WASHINGTON – John Kimble said he will keep fighting to give white candidates “a fair shot” in Maryland’s 4th District, even after a federal appeals court dismissed his complaint that the congressional district is racially gerrymandered.
“I will appeal because I hate to lose,” said Kimble, 44, whose suit claimed that district boundaries drawn in 2002 “diluted the Caucasian voters of Montgomery County.”
Political observers say Kimble has a daunting fight.
“He probably has two chances — slim and none,” said Barry Rascovar, a columnist for The Gazette newspaper. “Mr. Kimble’s chances are not good.”
But long odds have never deterred Kimble before.
He has run repeatedly in the 4th District, despite overwhelming losses each time to Rep. Albert Wynn, D-Mitchellville, an African American.
Kimble, who is white, first ran against Wynn in 1996, winning just 15 percent of the vote. He got 14 percent of the vote in 1998 and 13 percent in 2000. In 2002, after district boundaries were redrawn, he got just under 21 percent of the vote. He ran last year, but did not get out of the Republican primary.
What he lacked in votes, Kimble made up for in headlines. In his 1996 bid, he offered to pose nude for Playgirl magazine, and in 2000 he recruited Wynn’s ex-wife, Jessie, for ads that said Wynn “left me for a white woman.”
Kimble now calls the Jessie Wynn episode a “calculated risk that was wrong” and speaks highly of Wynn, who he calls a good person.
Still, he blames his losses not on his campaign tactics but on the racial makeup of the district, where blacks outnumber whites almost 2-to-1. The district spans Montgomery and Prince George’s counties.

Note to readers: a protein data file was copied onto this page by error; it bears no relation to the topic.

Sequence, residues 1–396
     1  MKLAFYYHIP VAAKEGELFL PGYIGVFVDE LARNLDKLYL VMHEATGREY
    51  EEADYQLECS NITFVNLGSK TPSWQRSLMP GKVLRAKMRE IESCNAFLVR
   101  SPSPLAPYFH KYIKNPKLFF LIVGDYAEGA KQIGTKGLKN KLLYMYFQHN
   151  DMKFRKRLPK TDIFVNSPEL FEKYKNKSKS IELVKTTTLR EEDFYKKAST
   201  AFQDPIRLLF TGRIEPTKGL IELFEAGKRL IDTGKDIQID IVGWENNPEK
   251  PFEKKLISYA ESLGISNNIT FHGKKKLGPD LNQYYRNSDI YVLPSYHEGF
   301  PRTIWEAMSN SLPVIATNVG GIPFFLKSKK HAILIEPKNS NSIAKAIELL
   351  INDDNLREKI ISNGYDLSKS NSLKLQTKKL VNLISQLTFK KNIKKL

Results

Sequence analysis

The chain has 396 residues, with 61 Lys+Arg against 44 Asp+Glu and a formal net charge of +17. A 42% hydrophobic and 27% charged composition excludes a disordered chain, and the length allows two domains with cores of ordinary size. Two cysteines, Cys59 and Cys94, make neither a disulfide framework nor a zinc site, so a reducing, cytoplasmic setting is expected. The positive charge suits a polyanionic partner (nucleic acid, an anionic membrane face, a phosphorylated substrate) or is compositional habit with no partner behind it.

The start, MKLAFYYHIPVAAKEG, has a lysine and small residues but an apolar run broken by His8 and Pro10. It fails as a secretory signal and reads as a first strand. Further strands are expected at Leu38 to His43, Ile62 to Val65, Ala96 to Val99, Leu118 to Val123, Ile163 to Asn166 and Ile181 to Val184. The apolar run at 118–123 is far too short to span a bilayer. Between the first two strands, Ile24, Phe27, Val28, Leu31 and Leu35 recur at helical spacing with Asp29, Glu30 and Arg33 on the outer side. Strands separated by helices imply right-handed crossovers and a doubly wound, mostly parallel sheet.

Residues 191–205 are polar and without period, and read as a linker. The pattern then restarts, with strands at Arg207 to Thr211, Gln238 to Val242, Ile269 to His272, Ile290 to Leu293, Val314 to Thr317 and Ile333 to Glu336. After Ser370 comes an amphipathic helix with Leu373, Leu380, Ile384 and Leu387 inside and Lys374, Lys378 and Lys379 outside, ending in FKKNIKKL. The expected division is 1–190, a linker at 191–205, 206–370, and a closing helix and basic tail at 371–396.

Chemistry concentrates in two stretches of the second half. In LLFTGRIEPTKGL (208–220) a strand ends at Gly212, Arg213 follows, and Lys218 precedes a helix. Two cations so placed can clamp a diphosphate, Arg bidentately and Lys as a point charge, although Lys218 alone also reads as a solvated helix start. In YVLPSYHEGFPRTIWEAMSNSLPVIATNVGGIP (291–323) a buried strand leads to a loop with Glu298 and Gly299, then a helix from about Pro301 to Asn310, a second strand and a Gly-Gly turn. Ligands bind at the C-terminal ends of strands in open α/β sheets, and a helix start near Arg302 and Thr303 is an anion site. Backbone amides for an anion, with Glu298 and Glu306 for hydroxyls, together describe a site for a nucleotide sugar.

“There’s no way for a Caucasian man to win in this district,” he said.
Kimble sued in 2002, arguing that the “bizarre shape” of the 4th District came from gerrymandering designed to exclude large numbers of white voters. He said the district should have an equal number of whites and blacks.
But a federal district court dismissed the case. It called Kimble’s evidence “insufficient” and noted that African Americans made up a smaller percentage of the 4th District after redistricting than they did before.
A three-judge panel of the 4th U.S. Circuit Court of Appeals upheld the lower court’s ruling Tuesday.
But Kimble will not give up. “It’s absolutely a case that has merit,” he said Thursday. He said he will ask the full circuit court to consider his case, and if he is rejected there he will appeal to the Supreme Court.
“I just want to be treated equal,” said Kimble, who is representing himself in court. “Everyone wants a fair shot. Why can’t the white guy be the congressman? I would have fought to keep the crime down.”
A Wynn spokeswoman declined comment on the suit, except to say the gerrymandering “charges are baseless.”
John McKinnis, who beat Kimble in the Republican primary in 2004, said the perennial candidate has “made a mockery of our district.” McKinnis, who is white, said voting reflected the district’s ideological makeup — heavily Democratic — and not its racial composition.
While he vows to continue the fight, Kimble has set his sights beyond the 4th District: He said he is now eyeing a run for Sen. Paul Sarbanes’ seat in 2006. There are better odds for a white candidate in that race, Kimble said, since Maryland is still predominantly white.
“I try not to let myself to be beaten down,” he said. “I’m not afraid to butt heads.”
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